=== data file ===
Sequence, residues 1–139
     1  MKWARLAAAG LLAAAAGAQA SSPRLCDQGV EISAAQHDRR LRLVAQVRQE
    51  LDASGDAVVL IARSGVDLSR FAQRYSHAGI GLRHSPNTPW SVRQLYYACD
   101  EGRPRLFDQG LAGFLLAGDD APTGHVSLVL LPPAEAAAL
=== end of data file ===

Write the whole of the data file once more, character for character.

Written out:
Sequence, residues 1–139
     1  MKWARLAAAG LLAAAAGAQA SSPRLCDQGV EISAAQHDRR LRLVAQVRQE
    51  LDASGDAVVL IARSGVDLSR FAQRYSHAGI GLRHSPNTPW SVRQLYYACD
   101  EGRPRLFDQG LAGFLLAGDD APTGHVSLVL LPPAEAAAL